Wednesday, 30 March 2011
The noblest Roman of them all
Exactly one thousand eight hundred and fifty years ago this month Marcus Aurelius became Emperor of Rome. He ranks as one of my favourite figures in all of history, not just a ruler but a thinker. His Meditations, never intended for publication, are a brilliant series of stoic reflections addressed to himself, musings on all aspects of existence.
Now I have the well-thumbed Penguin edition as a companion, but I first came across the book years ago in and much older edition, published under the title To Himself, which father has in his library. To begin with (I was in my mid-teens) I did not fully understand the depth and subtlety of Marcus’ thinking, but it grew on me steadily. I would not dare to underline passages, or add marginalia, to father’s antique edition but you should see my own!
I find it so impressive that he found the time for such deep reflection, flights of thought which mark him out as one of the great stoic philosophers, because his reign was beset with all sorts of troubles, the early signs of the profound crisis that was to overtake the Roman world in the following century.
He was to spend so much time in camps, defending frontiers from the onset of hostile enemies. I would guess that the life he was obliged to lead would fill most normal individuals with a sense of weariness, cynicism, frustration and anger, or the kind of all too worldly calculations that one finds in the writings of Julius Caesar, but not him. He is perhaps the best examples ever of his own maxim that nothing happens to a man that he is not formed by nature to bear. “Do every act of your life as if it were your last”, he also said to himself, another maxim to which he remained true.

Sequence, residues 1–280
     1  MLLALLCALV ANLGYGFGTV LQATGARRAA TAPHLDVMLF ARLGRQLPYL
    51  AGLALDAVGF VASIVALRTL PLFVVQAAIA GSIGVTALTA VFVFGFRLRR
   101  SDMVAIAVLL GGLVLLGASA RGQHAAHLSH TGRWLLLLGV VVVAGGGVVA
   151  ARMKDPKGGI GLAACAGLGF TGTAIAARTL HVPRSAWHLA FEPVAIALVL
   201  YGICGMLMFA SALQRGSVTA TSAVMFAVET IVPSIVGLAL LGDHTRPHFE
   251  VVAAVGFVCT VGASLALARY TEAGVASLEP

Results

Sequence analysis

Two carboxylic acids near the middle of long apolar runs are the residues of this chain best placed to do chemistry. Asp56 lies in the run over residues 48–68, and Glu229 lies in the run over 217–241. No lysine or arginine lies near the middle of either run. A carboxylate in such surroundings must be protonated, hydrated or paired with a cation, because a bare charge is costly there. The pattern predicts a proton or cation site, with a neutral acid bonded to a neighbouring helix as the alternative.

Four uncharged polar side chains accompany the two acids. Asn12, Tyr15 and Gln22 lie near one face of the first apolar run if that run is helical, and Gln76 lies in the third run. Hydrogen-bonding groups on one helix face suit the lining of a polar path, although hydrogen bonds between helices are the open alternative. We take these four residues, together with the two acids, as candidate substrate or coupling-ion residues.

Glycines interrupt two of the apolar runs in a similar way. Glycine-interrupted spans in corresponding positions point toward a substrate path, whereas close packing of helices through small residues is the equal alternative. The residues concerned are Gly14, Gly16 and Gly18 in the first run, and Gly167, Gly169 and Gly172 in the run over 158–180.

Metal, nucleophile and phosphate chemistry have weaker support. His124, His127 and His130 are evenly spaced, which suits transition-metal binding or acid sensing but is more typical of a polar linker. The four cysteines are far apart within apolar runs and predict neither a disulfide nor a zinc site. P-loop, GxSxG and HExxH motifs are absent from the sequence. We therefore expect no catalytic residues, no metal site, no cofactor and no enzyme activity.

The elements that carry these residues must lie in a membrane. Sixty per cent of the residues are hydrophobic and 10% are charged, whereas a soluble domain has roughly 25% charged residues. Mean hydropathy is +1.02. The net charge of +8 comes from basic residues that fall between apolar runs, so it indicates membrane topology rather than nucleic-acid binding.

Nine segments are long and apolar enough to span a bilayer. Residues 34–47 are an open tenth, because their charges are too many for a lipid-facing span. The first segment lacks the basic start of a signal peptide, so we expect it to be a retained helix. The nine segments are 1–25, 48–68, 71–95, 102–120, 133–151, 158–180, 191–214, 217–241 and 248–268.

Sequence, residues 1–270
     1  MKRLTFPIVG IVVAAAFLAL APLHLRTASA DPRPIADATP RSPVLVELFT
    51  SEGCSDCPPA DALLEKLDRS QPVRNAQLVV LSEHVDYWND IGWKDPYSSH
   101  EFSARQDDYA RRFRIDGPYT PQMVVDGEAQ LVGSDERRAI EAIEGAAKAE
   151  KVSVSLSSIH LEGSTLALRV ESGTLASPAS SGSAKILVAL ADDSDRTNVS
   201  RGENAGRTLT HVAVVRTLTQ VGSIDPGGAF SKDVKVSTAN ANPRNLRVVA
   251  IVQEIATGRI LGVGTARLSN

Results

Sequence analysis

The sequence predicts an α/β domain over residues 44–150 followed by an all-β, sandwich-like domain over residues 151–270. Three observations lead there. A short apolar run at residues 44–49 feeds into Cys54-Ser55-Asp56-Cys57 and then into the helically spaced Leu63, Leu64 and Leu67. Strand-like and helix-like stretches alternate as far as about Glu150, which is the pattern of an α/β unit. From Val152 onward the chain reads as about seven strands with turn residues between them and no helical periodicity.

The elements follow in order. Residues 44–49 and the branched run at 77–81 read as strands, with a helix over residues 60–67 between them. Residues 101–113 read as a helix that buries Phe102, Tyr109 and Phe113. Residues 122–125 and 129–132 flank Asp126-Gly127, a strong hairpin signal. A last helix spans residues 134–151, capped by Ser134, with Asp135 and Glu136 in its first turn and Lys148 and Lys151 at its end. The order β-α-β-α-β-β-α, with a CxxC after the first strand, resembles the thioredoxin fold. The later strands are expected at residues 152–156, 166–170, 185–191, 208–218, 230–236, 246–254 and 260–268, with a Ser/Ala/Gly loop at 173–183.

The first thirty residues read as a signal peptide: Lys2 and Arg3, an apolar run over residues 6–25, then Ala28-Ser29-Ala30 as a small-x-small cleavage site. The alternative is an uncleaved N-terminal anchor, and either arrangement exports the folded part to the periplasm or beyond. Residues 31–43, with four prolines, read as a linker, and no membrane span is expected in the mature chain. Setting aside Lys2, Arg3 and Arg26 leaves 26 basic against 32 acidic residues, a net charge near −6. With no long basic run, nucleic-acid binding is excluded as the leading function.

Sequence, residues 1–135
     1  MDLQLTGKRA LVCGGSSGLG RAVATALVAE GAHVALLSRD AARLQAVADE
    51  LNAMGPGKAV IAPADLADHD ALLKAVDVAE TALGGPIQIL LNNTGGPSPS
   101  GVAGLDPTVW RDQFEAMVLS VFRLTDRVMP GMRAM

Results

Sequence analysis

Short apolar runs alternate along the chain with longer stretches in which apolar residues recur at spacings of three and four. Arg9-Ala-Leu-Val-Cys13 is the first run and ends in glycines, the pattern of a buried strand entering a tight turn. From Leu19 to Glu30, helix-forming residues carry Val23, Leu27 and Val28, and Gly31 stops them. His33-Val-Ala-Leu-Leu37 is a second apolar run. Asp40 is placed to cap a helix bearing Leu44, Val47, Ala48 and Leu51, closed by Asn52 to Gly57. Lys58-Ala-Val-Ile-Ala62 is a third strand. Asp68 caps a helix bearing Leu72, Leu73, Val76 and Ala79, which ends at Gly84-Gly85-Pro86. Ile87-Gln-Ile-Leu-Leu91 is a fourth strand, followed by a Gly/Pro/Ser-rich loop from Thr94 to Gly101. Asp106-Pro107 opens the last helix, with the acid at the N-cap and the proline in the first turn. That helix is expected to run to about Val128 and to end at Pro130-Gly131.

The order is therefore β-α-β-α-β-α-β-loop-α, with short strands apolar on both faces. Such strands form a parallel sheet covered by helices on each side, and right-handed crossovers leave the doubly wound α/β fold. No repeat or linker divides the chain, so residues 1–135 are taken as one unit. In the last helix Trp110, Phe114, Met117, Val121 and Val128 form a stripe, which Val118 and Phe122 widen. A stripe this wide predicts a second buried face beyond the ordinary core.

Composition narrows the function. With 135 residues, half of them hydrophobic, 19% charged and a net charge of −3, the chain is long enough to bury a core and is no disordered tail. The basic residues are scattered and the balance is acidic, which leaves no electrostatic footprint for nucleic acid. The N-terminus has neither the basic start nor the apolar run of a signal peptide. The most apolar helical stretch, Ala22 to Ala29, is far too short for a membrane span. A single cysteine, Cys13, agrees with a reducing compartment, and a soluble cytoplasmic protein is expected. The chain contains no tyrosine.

Future generations of Romans would have just cause to look back on the reign of Marcus as the last golden age. One of the greatest, most benign emperors was to be succeeded by one of the least and most malign. In place of the worthy father came Commodus, the worthless son. It showed the canker that lay at the heart of the whole system of governance established by Augustus, which time after time allowed self-indulgence to triumph over self-discipline.
Marcus Aurelius was the exception, not the rule. There was something almost superhuman about him, something of the apprehension of a god. He was the noblest and greatest Roman of them all. Ave Imperator!
Look back over the past, with its changing empires that rose and fell, and you can foresee the future, too.